Suriname Set To Sell First-Ever Carbon Credits Under Paris Agreement

Suriname Set To Sell First-Ever Carbon Credits Under Paris Agreement - Carbon Herald
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Suriname, a small South American nation mostly covered in dense rainforests, is set to make history by becoming the first country to sell carbon credits under the framework established by the 2015 UN Paris Agreement. Reuters has reported the news, citing a reliable insider.

By preserving its vast forest cover, Suriname has managed to store and sequester significant amounts of carbon dioxide, making it an ideal candidate for carbon credit sales.

The Paris Agreement allows nations to market emission reductions in the form of credits called “internationally transferable mitigation outcomes” or ITMOs. Other nations or corporations can buy these credits to help meet their own goals of reducing emissions.

The country’s forest credits are generated based on a baseline it registers with the United Nations, which determines the amount of carbon stock its forests contain. By successfully protecting its forests and allowing the carbon stock to increase, Suriname can package these gains as carbon credits and sell them on the international market.

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According to Kevin Conrad, the head of the Coalition of Rainforest Nations, the initial credits will be supported by Suriname’s emissions reductions in 2021, which were documented through the UN program REDD+, which focuses on reducing deforestation and increasing carbon storage in forests.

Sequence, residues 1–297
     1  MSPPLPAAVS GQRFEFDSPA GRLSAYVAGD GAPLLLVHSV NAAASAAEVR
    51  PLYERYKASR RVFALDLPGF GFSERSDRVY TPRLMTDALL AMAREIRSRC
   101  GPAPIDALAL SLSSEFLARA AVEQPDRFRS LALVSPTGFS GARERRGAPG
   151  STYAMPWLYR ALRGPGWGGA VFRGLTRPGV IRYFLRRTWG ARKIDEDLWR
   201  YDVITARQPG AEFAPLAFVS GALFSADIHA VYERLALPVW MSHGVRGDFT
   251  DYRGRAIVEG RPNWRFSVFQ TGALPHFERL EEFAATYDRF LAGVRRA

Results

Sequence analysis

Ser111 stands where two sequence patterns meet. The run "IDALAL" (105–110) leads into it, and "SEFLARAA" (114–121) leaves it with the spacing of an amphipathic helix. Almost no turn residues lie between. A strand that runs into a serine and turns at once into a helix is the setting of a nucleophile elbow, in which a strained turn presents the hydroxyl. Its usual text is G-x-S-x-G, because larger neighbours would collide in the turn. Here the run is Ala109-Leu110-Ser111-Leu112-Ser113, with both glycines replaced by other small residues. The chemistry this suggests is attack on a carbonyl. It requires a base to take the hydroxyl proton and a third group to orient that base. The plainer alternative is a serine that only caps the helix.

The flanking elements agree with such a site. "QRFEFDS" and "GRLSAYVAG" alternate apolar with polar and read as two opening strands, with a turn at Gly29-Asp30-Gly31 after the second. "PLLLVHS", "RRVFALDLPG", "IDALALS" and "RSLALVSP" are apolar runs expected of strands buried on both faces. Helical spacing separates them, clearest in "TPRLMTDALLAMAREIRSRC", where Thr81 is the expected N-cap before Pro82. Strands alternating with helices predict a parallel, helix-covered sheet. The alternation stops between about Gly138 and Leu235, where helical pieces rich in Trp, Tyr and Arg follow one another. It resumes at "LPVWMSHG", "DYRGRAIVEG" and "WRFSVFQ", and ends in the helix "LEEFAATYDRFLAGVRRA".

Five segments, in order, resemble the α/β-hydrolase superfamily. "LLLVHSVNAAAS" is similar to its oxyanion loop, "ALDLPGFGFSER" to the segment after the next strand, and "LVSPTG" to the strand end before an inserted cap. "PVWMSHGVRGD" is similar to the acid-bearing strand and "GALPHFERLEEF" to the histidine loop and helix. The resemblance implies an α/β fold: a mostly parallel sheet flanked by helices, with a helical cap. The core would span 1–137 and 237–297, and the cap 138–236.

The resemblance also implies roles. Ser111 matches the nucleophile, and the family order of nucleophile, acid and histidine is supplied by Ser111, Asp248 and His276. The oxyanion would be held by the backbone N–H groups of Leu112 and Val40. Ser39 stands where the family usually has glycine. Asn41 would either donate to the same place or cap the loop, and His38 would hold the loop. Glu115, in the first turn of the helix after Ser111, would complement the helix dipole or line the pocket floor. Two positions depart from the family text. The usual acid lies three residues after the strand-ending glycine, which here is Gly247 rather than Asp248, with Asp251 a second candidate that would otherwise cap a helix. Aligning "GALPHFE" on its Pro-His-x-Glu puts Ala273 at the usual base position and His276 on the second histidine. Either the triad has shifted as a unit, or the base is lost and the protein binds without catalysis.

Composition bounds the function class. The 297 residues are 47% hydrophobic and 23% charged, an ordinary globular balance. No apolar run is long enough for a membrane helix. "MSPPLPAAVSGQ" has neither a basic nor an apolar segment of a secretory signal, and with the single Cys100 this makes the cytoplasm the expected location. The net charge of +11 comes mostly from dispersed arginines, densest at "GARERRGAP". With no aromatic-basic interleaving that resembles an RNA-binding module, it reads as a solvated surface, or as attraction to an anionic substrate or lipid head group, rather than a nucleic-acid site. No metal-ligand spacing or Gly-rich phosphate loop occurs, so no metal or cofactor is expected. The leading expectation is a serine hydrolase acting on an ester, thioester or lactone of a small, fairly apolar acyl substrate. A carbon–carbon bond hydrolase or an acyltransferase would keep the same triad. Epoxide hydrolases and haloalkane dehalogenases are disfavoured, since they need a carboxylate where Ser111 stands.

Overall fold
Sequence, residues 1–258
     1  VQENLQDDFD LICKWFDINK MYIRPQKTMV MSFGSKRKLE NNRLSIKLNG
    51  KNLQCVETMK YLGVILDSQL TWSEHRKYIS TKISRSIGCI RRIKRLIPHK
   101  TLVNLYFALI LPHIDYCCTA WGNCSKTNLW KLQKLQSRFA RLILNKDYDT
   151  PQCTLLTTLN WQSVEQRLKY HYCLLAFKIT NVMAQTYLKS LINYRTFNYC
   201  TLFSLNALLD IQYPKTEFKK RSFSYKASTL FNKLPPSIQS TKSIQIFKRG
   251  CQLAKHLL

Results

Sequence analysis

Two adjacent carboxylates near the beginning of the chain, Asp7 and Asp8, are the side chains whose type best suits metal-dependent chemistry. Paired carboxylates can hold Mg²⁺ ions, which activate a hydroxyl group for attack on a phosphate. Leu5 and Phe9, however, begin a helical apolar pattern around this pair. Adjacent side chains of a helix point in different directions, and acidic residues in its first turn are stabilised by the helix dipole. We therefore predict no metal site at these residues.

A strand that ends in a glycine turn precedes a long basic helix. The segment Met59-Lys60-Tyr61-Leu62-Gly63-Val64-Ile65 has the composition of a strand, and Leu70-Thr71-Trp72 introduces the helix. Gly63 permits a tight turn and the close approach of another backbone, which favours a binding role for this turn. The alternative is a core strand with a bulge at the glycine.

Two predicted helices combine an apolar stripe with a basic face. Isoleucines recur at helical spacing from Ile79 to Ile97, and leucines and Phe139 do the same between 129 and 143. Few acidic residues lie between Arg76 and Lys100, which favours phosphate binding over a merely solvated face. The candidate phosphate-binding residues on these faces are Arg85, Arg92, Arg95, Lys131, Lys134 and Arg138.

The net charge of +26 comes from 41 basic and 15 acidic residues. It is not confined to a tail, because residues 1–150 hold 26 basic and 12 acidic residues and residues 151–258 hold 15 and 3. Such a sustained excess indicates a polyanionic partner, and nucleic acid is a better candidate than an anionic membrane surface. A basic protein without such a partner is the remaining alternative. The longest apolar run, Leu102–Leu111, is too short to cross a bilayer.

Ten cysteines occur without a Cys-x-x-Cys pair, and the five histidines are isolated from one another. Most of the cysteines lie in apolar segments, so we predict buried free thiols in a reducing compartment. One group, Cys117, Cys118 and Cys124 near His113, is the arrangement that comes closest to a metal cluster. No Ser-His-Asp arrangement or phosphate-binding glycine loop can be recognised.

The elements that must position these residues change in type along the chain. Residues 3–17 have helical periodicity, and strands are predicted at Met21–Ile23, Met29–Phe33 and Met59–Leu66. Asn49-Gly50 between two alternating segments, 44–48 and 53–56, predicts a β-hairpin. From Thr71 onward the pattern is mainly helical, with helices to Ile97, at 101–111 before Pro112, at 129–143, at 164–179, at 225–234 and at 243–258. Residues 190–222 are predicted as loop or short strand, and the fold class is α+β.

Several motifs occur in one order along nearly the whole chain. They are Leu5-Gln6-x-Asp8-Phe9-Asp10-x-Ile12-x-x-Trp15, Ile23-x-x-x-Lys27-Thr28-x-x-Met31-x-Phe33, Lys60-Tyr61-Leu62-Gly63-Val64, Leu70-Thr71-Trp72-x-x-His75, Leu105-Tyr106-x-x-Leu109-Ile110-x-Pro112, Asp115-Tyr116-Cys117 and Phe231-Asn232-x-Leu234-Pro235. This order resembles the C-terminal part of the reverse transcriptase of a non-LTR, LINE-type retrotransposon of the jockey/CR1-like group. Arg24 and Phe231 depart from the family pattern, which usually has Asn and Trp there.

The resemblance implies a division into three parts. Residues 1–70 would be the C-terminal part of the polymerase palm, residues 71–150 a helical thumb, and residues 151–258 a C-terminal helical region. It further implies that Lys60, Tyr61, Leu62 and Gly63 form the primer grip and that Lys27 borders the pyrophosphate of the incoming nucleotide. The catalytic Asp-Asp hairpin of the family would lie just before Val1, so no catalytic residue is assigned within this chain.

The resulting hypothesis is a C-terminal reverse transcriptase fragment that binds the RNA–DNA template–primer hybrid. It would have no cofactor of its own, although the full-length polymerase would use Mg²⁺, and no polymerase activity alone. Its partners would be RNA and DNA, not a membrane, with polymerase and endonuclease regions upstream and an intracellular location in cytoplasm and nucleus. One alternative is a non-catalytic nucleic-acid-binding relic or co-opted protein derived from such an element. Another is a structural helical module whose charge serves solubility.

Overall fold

This move has sparked a debate among carbon market experts. On the one hand, there are those who argue that selling credits from countries like Suriname could provide much-needed financing to support the transition to a low-carbon economy in developing nations.

On the other hand, however, there are concerns that these credits may not truly reflect authentic efforts to lessen gas emissions.

While credits created within the Paris agreement structure will attract buyers looking for legitimacy, experts point out the risk that those credits may not undergo the same rigorous scrutiny as credits found on independent carbon credit markets.

Read more: VCMI Launches Claims Code For Verifiable Use Of Voluntary Carbon Markets

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